Financial stability is something that all of us seek. Having that stability disrupted by problems with our tax returns, and being subjected to a tax audit, can be a huge source of stress. However, many people don’t necessarily put the same care into preparing and filing their taxes as they do with obtaining and securing their wealth in the first place.
When it comes to having one’s taxes prepared by a professional, many New Yorkers might assume that some kind of certification or registration with the Internal Revenue Service is required. In fact, the IRS did issue regulations in 2011 that required people who act as paid tax-return preparers to become certified, complete several hours of continuing education training annually and pay an annual fee to the agency. According to the IRS, this would require action on as many as 700,000 tax preparers.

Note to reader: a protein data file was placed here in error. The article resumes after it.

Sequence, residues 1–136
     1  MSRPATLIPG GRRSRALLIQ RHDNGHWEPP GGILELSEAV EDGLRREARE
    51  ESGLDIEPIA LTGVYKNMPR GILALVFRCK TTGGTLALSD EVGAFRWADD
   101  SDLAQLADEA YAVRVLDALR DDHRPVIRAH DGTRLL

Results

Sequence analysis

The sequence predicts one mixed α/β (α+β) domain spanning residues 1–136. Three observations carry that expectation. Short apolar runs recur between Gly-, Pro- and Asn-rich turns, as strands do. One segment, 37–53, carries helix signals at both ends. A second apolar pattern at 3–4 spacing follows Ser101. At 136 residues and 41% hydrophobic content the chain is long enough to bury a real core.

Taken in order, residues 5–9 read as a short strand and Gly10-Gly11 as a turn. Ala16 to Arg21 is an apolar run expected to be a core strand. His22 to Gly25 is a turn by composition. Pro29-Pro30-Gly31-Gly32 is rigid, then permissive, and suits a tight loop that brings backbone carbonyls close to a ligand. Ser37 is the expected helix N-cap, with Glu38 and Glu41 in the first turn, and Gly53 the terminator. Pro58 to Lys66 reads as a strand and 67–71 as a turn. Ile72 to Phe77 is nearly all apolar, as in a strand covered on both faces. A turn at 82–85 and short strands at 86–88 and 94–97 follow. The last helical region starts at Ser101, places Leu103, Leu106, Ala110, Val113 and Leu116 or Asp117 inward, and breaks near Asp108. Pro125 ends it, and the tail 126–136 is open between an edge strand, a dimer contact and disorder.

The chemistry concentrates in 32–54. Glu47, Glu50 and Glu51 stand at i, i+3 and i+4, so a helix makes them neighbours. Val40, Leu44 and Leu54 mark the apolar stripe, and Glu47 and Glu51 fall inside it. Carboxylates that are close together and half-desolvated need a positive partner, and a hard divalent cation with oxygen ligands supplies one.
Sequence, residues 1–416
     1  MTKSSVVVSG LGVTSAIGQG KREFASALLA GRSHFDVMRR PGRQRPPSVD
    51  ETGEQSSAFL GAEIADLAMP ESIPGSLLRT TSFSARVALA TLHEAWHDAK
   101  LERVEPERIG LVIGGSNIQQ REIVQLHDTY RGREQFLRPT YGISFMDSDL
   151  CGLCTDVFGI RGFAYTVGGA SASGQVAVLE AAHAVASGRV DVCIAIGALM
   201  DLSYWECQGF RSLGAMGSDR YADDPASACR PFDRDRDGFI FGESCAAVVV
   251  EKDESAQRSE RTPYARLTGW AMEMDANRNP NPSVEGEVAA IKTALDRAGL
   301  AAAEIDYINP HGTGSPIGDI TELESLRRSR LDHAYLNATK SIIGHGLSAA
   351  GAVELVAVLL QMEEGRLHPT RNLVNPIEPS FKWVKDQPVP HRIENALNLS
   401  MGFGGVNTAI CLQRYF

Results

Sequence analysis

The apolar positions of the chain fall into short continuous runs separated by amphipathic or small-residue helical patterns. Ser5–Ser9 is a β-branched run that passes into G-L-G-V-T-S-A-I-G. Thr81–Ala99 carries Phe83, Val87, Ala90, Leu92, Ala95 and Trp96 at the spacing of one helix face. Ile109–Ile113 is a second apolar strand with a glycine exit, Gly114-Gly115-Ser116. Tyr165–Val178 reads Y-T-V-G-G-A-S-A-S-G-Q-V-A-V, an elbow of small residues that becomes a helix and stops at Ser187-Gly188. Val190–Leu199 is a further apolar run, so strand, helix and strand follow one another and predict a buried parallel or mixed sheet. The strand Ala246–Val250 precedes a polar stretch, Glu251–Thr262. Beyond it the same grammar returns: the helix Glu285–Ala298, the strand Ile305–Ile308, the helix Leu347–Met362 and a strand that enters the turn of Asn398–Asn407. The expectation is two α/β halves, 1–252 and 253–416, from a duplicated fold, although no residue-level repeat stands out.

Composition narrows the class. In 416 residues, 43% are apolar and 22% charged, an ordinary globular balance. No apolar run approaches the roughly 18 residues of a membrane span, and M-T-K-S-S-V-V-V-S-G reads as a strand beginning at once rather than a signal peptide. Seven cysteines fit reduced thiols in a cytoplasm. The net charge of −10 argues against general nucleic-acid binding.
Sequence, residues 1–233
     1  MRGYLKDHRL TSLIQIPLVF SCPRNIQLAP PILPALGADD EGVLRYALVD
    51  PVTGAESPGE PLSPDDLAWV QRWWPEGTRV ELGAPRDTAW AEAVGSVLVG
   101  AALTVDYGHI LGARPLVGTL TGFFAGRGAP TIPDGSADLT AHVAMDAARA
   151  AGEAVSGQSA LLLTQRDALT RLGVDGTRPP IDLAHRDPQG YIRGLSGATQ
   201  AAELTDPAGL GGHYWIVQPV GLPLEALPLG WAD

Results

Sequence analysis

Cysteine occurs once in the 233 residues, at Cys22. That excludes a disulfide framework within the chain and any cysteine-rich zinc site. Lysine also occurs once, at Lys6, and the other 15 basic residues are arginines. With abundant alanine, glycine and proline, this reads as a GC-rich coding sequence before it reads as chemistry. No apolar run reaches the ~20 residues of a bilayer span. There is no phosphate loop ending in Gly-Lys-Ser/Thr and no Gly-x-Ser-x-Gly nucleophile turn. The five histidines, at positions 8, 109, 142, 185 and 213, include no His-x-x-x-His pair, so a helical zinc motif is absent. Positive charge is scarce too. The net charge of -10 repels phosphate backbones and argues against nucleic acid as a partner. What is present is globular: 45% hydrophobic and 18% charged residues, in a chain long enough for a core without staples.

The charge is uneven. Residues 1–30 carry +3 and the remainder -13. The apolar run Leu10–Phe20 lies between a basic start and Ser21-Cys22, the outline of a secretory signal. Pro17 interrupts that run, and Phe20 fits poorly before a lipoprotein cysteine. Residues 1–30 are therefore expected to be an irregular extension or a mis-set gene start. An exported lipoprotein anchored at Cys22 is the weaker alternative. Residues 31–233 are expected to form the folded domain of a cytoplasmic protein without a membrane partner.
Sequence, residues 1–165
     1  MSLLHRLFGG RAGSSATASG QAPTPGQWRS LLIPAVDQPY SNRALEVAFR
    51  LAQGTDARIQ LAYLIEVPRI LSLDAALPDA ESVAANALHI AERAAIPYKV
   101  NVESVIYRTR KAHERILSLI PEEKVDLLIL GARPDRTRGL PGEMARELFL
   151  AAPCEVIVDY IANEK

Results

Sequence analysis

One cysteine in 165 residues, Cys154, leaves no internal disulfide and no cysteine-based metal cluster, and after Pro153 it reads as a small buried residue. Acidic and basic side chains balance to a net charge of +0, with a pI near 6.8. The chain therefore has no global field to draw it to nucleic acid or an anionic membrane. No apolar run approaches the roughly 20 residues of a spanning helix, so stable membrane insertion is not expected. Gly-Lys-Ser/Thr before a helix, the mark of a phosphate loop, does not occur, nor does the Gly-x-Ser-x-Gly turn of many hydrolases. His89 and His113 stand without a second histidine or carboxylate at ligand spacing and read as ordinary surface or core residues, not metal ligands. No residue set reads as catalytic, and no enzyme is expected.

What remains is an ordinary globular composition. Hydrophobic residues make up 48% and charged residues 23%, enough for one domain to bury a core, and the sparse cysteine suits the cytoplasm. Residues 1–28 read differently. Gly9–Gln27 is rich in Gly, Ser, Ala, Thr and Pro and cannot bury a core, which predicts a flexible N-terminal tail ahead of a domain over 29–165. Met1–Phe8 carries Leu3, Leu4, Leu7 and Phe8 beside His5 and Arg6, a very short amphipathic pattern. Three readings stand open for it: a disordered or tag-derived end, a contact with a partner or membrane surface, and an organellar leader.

However, it did not come to pass. In 2013, a judge ruled that the agency wasn’t entitled to demand this from tax preparers. An appeals court agreed with that decision earlier this month. Basically, the courts have ruled that while tax preparers can assist taxpayers, they cannot represent them in a legal sense — such as the way an attorney could.
This is a crucial distinction: tax preparers might be able to file a return for you, but if things get complicated, it may be that a tax attorney is the best option — particularly if the IRS notifies you that a tax audit may be forthcoming.